Posted on Monday, September 21st, 2015 by Ethan Anderton
We’re just under three months away from the release of Star Wars: The Force Awakens, and just last week we actually got confirmation that we’ll be able to see the movie a little earlier than December 18th with showings beginning at 7pm at some theaters on December 17th (as expected). And thankfully, we’re still in the dark about a great many things regarding the story, characters and much more about the Star Wars sequel.
One of the most intriguing elements of The Force Awakens is the new villain Kylo Ren, played by Adam Driver. Director J.J. Abrams has confirmed that he’s not a Sith, but he’s working with The First Order. Other than that, his motivations as the villain in the movie aren’t very clear. But a new proposal from our old pal Germain Lussier puts forth an interesting The Force Awakens Darth Vader theory that could explain what Kylo Ren might be planning.
After the jump, beware of some speculative but potentially huge spoilers!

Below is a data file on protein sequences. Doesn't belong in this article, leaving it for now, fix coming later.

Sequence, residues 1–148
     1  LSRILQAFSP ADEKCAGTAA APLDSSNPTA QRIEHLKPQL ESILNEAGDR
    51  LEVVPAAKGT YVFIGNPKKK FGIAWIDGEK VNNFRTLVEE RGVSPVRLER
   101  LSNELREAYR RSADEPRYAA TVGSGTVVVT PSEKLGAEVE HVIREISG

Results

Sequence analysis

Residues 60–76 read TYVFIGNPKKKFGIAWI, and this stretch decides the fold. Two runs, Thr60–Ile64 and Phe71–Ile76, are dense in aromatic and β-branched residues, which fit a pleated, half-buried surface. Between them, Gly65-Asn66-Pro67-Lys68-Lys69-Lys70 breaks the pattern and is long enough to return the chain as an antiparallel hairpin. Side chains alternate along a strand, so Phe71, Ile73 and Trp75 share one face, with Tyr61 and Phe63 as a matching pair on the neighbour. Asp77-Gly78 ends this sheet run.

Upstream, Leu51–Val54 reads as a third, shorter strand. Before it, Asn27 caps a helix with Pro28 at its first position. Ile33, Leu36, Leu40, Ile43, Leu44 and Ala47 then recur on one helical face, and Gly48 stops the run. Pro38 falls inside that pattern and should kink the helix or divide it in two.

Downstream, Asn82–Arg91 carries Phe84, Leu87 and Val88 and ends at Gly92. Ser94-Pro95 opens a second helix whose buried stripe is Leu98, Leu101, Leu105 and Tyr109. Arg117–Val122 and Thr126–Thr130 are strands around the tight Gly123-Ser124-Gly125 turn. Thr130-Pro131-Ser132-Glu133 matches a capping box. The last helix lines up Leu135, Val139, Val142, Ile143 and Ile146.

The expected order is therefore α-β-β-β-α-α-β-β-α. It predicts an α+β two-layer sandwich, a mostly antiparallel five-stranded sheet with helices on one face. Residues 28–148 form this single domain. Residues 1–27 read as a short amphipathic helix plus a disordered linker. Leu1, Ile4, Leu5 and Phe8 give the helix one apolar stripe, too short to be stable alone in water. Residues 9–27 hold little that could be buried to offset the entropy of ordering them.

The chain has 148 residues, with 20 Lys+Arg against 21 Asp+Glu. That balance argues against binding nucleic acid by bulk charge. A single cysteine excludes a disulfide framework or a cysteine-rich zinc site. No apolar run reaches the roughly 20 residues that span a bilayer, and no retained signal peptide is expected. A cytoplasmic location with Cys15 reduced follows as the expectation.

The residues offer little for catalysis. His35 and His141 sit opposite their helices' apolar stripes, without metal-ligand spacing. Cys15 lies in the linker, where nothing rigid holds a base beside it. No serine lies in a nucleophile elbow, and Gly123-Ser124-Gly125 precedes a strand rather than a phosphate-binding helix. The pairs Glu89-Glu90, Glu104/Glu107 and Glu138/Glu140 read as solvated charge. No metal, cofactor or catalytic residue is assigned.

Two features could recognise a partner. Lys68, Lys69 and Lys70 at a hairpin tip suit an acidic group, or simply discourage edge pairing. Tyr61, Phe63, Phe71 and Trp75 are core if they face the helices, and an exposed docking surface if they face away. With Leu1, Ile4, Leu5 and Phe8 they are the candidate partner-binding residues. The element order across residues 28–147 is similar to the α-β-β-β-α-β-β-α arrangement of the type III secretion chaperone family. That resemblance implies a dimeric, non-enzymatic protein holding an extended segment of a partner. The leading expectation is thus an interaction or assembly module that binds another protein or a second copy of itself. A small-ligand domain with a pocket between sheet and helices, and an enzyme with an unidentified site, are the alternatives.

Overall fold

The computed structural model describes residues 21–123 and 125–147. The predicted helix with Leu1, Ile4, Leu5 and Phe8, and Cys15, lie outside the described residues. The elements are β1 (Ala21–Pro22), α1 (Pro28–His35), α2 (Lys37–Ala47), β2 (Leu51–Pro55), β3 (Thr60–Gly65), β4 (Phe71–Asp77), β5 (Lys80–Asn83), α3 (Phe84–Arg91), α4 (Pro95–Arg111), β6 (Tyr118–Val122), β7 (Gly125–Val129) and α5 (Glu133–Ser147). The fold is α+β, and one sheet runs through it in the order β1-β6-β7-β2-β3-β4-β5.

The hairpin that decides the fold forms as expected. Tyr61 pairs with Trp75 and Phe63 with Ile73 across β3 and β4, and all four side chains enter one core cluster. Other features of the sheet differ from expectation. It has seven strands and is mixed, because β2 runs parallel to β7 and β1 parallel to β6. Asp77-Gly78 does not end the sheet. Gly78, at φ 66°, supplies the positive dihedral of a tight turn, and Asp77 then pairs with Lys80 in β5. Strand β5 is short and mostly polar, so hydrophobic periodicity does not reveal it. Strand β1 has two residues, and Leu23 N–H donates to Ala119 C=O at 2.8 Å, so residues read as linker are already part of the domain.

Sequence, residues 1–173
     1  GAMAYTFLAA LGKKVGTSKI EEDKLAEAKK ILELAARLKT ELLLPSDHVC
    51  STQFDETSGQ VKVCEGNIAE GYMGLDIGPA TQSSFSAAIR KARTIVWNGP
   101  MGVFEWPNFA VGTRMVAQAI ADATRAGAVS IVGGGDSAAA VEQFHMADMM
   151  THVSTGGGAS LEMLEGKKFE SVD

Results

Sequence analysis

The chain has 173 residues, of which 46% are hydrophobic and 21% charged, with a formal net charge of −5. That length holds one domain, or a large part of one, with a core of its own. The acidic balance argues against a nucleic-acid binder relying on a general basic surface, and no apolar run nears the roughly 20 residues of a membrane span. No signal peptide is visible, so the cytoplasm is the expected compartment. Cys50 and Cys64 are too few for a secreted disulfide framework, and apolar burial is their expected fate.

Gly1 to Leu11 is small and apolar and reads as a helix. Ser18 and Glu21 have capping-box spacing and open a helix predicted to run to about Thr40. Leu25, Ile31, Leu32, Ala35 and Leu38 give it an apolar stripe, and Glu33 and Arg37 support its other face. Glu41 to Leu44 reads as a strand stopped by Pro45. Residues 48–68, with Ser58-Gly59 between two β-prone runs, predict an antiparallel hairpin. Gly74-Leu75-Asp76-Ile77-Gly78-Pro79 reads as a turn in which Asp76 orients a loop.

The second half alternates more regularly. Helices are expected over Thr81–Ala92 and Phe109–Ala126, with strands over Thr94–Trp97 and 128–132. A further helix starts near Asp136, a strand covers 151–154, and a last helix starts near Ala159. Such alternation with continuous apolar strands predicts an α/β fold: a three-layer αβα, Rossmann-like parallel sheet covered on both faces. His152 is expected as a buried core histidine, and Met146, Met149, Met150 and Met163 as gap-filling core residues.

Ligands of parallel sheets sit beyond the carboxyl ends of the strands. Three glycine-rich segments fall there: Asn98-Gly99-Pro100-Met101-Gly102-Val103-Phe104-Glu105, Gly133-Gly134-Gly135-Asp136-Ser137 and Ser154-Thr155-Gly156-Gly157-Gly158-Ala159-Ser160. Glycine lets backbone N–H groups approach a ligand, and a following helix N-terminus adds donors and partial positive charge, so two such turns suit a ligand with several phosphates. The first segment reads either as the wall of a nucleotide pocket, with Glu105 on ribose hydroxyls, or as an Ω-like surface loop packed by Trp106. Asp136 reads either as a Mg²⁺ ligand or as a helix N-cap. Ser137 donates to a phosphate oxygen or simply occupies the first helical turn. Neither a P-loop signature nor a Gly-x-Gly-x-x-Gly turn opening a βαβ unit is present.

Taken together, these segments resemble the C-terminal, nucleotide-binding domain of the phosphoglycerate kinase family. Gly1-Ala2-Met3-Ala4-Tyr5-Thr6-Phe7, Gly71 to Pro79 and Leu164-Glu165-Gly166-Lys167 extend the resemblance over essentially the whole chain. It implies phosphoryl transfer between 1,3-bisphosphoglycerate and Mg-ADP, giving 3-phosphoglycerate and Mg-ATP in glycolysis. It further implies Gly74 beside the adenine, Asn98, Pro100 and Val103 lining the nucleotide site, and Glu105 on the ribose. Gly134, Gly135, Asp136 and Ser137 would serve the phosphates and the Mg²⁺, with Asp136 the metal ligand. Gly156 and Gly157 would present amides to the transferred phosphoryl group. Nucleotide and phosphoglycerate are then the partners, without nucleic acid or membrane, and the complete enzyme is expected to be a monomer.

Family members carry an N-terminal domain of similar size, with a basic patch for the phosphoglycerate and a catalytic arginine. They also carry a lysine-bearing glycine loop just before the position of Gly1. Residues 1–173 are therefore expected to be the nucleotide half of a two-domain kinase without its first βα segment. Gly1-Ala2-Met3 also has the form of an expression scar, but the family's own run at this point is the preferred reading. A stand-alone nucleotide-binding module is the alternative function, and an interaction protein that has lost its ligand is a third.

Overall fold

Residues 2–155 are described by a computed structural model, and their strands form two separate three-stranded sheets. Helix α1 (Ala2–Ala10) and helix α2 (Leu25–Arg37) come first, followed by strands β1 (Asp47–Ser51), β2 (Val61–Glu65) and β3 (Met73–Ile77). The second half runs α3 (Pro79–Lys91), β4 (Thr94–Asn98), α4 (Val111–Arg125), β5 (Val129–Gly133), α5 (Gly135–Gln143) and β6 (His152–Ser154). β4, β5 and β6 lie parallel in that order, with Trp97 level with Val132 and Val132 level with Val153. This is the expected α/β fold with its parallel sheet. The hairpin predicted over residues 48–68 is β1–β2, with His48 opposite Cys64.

Here’s the basic idea of the theory: Kylo Ren wants to clone or resurrect Darth Vader.
“The movie explains the origins of the mask and where it’s from, but the design was meant to be a nod to the Vader mask. [Ren] is well aware of what’s come before, and that’s very much a part of the story of the film.
He is a character who came to the name Kylo Ren when he joined a group called the Knights of Ren.
He is not your prototypical mustache-twirling bad guy. He is a little bit more complex than that, and it was a great joy to work with Adam Driver on this role, because he threw himself into it in a deep and remarkable way.”
In addition, Abrams has also revealed that Kylo Ren is obsessed with Darth Vader (his own helmet even resembling Darth Vader’s). And what would someone who is obsessed with a dead Sith Lord do? Collect their stuff. Who is keeping the burned, melted remains of Darth Vader’s helmet that we’ve seen in the second teaser trailer? Could it be Kylo Ren?